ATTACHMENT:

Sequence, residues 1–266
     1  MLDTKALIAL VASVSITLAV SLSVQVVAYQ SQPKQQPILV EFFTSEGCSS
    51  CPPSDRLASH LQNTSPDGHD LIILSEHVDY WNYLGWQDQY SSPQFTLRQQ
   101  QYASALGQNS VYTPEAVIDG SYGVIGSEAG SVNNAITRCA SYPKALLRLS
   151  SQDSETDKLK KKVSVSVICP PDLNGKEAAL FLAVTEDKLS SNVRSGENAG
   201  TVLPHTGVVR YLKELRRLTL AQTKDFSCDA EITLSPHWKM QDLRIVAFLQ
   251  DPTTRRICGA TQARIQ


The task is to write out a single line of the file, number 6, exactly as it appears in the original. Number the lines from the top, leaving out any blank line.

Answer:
   201  TVLPHTGVVR YLKELRRLTL AQTKDFSCDA EITLSPHWKM QDLRIVAFLQ